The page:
Monday, November 15, 2010

Adoption vs. Pregnancy

Let me being this post by acknowledging that I have never been pregnant. I don't know what it is like to be pregnant, but I have observed three sisters go through pregnancy, and several friends. Just like each pregnancy/child rearing is different, each adoption is also different. Different costs, timelines, reasons for adoption, reason a child is abandoned/relinquished, bonding processes, and needs during rearing the child. This is our first adoption and we will be first-time parents.

Since beginning the adoption process this spring, we have received several comments that compare adoption to pregnancy, and I just want to address this subject. Although both means are beautiful ways to bring a child into a family, and both are ordained by God, they are very different processes. We certainly may try to go the pregnancy route one day, or we may have all adopted babies- and we'd be happy either way!


Timing. This is pretty obvious, as with a pregnancy there is a definite countdown. You know that your baby will come in roughly 40 weeks, give or take, from conception. With adoption, you have no clue. There are families that get on the waitlist and get a referral in the same day/week, and some families that wait months or years for a referral. Each type of adoption- international, domestic, foster-to-adopt has its own timeline, and in most cases, it is completely unpredictable and you can't compare your story to another's story.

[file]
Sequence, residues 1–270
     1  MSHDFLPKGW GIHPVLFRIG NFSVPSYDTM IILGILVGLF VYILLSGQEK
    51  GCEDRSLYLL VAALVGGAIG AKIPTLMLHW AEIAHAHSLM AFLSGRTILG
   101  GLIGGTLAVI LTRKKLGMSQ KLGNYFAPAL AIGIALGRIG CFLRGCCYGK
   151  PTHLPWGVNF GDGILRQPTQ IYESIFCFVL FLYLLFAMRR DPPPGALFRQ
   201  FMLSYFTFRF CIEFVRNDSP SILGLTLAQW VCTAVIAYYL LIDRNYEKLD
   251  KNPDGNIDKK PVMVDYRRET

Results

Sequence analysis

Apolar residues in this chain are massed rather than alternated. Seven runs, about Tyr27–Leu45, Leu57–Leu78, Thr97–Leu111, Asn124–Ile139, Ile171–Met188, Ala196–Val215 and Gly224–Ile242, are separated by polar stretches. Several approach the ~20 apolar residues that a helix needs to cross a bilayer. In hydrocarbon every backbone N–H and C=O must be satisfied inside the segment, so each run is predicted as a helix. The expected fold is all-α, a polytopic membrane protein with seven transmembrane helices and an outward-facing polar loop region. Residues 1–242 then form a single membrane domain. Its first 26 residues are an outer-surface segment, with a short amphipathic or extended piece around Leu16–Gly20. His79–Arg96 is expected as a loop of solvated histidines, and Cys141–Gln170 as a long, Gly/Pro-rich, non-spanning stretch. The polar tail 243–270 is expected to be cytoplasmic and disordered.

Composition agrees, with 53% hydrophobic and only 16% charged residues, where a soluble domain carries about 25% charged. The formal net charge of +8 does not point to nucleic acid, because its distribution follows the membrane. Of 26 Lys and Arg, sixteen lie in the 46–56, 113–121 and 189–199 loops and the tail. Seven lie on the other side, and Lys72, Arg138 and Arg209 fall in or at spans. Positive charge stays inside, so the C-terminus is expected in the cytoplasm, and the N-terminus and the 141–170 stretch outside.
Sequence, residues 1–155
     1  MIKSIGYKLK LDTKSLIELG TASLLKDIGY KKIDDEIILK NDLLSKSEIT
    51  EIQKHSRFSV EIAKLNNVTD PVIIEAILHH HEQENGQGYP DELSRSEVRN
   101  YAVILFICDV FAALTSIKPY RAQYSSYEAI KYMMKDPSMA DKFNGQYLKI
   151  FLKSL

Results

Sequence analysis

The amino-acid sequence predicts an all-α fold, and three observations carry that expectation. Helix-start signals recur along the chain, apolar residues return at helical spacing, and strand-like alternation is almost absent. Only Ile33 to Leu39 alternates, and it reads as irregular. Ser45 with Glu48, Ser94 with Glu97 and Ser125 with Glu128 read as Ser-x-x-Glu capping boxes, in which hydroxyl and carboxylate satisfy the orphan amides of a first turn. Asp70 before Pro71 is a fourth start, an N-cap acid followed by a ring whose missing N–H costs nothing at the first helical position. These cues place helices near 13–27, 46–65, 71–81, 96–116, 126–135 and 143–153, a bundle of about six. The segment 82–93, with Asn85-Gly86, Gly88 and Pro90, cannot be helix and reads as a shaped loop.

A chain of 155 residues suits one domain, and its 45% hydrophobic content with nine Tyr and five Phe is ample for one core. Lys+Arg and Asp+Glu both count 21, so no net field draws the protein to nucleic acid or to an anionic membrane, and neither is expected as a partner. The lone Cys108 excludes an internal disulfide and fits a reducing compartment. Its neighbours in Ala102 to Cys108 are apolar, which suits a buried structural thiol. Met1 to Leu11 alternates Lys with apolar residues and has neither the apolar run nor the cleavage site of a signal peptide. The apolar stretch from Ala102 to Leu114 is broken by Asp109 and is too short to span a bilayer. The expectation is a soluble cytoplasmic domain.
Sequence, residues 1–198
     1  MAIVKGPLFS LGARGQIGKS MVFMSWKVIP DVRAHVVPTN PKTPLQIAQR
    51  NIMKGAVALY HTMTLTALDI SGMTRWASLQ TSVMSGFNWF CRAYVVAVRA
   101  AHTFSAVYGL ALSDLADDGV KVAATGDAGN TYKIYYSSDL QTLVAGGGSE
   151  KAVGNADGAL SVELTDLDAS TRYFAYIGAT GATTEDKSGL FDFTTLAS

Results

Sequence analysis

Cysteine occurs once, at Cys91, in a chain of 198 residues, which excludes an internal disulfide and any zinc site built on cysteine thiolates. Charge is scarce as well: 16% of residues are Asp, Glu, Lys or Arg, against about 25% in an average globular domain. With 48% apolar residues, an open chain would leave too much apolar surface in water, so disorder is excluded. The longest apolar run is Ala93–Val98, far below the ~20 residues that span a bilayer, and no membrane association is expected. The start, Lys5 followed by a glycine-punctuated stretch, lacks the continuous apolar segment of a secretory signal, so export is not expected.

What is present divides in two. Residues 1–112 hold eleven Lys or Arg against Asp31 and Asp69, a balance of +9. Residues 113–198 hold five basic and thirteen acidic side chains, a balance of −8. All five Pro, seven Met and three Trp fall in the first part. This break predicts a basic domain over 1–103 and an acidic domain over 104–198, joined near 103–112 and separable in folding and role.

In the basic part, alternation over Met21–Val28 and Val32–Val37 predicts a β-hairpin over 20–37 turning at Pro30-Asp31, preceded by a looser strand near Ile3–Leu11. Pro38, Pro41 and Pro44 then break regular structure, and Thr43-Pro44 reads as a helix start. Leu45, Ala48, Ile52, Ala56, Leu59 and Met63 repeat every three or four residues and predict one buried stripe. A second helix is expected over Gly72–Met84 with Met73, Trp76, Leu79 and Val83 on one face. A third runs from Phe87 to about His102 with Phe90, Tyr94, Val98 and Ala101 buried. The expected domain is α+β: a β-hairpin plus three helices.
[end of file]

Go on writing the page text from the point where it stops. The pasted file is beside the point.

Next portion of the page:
Mom-To-Be. This year was my first "Mother's Day" as a mom-to-be. One sweet friend of mine messaged me and said "If you were pregnant I would wish you a mother's day, and you are a mom-to-be, so happy mother's day!" While I am just as much an expectant mother, it is hard for people to grasp that I'll "really" be a mom, or share the same excitement with me because of the whole timing issue. An adoptive mom-to-be may celebrate many Mother's Days without having a baby in her arms. An adoptive mom may not know what age to prepare the home for- a newborn, older infant, toddler, older child? To some extent you get to choose some details, but even if you get a referral for a 3 week old baby, the child may be several months old by the time he/she comes home, and the development may not always be at the average rate.

Milestones. As an adoptive parent, milestones are treated differently. You may miss significant milestones, like the first smile/craw/laugh/walk/birthday. But with adoption, you get to not only celebrate birthdays, but can also celebrate "gotcha days" when a baby finally becomes an official part of the family. With pregnancy, you get to watch the milestones from the beginning, even with the development in the womb during ultrasounds.

Gender Ultrasound/Referral. Some families choose to find out the gender during a pregnancy. Although this is compared to a referral (when you find out the details of your child- age, gender, etc) this is not at all the same thing. (see next point).

Background. In pregnancies, the parents know the child's background. You generally know who the father is, and the details of the birth. With adoption, you don't always know every detail. But one thing you do know is that with every adoptive situation- there is a family somewhere that has loss. The loss of a grandchild, child, birthmother, or the sacrifice of knowing that the best decision for the baby is to let someone else raise the baby. When you get a referral, you have the joy of knowing all the details of your child, but you also know that your new baby comes to you because of someone else's loss.